On April 27th Congress passed the Defend Trade Secrets Act of 2016 (S.1890 (DTSA) and sent it to President Obama, who has indicated he will sign it into law. Employers will now be able to utilize federal courts and new remedies to protect themselves against the theft of trade secrets and illegal competition. This allows trade secret holders the option of going directly to federal court—with its certainty of rules, standards, and practices—and avoiding the potential uncertainty and delay of busier state courts.
The DTSA provides uniform definitions for “trade secrets” and “misappropriation” that are generally consistent with the Uniform Trade Secrets Act and allows for a civil action in federal courts. The DSTA also provides for a variety of remedies including: equitable relief, including an injunction to prevent actual or threatened misappropriation; economic damages; conditioning future use of the trade secret by the defendant (in some cases) upon payment of a reasonable royalty; exemplary damages (up to two times the amount of damages), and prevailing party attorneys’ fees.
Perhaps the biggest game changer is the DTSA’s grant of power to federal courts to issue an order without notice to the other side to seize property to preserve evidence or prevent the propagation or dissemination of the trade secret. The possibility that a court can now seize computers, cell phones, or other devices that may contain a stolen trade secret is a dramatic change and effective post-employment tool.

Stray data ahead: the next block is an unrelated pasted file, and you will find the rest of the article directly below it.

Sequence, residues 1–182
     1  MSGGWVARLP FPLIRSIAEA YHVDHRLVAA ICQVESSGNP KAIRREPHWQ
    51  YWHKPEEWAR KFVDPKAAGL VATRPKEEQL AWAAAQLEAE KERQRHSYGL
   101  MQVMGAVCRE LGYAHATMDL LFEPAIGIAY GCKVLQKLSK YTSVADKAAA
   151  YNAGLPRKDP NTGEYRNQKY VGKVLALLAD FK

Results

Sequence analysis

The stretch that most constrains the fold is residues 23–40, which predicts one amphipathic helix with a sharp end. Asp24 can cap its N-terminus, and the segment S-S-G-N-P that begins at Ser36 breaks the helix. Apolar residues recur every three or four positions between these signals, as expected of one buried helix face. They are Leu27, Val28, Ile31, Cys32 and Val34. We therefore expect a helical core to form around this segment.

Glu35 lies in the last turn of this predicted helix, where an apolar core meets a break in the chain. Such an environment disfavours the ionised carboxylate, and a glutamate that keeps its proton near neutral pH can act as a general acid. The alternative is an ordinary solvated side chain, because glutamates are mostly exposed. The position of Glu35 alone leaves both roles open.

The DTSA also provides protection from prosecution for whistleblowers and retaliation against whistleblowers. Now, this is where the DTSA requires employers to take immediate measures to claim the benefits of the law. Specifically, the DTSA provides that employers must give notice of the immunity provisions of the law in any contract or agreement with an employee that governs the use of a trade secret or other confidential information. Otherwise, the employer is unable to recover attorneys’ fees or exemplary damages.
Employer Actions: Examine all contracts and confidential information protection policies and agreements with employees and independent contractors to evaluate the need for notice language regarding the DTSA whistleblower and retaliation claimant protections. Inclusion of this language can help preserve all remedies for misappropriation. Note: the immunity language is only necessary in agreements signed after the effective date of the DTSA.